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National Pandemic Strategy

	AssessmentIn 1997, avian influenza A(H5N1) viruses first spread from poultry directly to infect humans in Hong Kong resulting in the deaths of 6 of 18 infected persons. Concerned about the possibility that this A(H5N1) virus could easily infect humans and eventually spread from person-to-person, the World Health Organization (WHO) and United States government increased pandemic preparedness planning. Since 2000, the world has experienced a pandemic and there have been other instances of novel influenza A viruses infecting people, including avian and swine influenza A viruses. An influenza pandemic could place extraordinary demands on public health and health care systems as well as on essential community services. Preparing for such a threat is an important priority.

In 2005, officials at the United States Department of Health and Human Services (HHS) developed a Pandemic Influenza Plan to coordinate and improve efforts to prevent, control, and respond to A(H5N1) viruses as well as other novel influenza A viruses of animal (e.g. from birds or pigs) with pandemic potential. Although it is impossible to predict when the next pandemic will occur, United States government have developed three tools to guide national, state and local planning and response. These tools align with the World Health Organization’s (WHO) global framework of pandemic phases and risk assessment activities for preparedness, response, and recovery.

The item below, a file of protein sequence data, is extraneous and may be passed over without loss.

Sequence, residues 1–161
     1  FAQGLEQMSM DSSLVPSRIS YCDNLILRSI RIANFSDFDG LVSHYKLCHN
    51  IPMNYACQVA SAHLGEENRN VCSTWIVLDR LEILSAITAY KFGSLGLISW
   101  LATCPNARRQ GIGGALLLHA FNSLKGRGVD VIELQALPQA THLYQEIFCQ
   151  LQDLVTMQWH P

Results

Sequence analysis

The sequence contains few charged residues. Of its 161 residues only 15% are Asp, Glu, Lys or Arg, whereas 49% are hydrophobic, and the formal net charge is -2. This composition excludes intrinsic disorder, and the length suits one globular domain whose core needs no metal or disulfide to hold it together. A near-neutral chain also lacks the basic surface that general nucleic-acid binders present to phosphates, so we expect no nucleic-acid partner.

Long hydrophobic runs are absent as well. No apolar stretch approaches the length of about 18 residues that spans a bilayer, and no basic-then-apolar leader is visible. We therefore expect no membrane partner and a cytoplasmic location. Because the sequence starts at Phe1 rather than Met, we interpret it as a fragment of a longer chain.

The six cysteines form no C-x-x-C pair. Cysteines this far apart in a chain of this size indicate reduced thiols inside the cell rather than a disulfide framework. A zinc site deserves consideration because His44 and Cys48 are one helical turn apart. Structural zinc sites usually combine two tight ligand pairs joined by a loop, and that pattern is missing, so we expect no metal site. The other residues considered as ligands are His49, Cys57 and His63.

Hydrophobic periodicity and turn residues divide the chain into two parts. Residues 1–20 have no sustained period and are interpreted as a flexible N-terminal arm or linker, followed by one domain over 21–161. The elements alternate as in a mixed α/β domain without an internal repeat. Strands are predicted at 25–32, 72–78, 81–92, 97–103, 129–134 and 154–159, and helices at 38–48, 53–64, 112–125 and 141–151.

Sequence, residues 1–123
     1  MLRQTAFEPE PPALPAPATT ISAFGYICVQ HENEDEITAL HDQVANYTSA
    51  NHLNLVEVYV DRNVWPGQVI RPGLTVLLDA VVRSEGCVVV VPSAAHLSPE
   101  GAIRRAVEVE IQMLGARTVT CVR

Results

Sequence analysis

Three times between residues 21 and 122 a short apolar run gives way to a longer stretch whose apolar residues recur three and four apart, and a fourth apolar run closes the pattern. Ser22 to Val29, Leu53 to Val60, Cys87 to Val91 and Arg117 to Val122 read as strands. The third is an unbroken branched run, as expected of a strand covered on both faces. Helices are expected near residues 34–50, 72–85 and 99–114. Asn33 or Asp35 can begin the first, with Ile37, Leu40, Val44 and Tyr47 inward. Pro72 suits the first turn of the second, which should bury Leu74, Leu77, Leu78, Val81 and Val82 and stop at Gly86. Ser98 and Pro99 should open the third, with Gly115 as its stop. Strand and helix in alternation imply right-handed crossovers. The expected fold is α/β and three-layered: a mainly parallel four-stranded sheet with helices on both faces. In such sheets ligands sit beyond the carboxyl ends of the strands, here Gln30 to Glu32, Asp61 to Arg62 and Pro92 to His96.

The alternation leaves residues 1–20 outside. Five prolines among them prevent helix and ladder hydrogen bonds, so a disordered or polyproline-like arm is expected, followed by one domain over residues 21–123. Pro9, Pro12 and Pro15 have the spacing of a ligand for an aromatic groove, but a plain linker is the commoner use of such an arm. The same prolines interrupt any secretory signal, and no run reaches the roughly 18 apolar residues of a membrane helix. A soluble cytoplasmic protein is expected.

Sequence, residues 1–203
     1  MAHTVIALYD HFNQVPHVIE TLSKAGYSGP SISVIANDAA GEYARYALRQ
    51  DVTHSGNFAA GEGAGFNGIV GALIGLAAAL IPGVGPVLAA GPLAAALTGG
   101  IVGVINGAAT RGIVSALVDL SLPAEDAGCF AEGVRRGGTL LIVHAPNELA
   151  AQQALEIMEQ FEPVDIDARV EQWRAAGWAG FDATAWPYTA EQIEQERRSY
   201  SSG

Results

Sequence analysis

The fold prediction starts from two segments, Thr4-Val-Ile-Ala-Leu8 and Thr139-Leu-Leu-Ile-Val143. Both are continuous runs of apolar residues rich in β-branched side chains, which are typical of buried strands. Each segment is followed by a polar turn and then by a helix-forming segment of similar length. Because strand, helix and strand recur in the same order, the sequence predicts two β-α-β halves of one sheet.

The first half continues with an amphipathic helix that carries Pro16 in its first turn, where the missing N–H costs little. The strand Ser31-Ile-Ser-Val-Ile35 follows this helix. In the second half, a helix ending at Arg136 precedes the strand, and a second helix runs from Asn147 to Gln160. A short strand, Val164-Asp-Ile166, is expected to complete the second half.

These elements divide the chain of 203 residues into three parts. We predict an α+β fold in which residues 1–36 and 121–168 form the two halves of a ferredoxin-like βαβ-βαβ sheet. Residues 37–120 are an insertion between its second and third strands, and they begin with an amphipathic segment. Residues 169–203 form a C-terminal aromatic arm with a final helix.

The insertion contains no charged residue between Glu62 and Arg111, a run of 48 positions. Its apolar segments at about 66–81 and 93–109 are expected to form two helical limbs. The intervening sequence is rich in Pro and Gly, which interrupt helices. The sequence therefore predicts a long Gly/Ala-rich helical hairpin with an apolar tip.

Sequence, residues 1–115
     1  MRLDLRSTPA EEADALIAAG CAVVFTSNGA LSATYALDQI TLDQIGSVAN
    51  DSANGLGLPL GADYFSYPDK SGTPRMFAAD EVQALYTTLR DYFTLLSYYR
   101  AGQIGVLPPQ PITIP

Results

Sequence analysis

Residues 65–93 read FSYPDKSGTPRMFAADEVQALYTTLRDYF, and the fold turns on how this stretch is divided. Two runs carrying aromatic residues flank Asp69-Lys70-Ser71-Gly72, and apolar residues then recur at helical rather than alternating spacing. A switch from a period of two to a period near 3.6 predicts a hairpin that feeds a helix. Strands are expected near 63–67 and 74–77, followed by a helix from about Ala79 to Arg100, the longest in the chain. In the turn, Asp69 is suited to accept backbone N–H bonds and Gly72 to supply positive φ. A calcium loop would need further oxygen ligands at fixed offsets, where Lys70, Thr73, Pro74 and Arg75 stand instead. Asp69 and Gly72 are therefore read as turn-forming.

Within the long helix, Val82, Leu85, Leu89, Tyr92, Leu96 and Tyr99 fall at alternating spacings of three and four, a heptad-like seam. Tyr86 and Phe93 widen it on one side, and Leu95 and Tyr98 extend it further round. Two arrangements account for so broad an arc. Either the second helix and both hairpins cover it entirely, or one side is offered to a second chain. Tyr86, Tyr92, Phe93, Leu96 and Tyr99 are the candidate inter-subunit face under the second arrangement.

National Pandemic Strategy Documents

The following documents guide the United States’ preparedness and response in an influenza pandemic, with the intent of stopping, slowing or otherwise limiting the spread of a pandemic to the United States; limiting the domestic spread of a pandemic, mitigating disease, suffering and death; and sustaining infrastructure and mitigating impact to the economy and the functioning of society.

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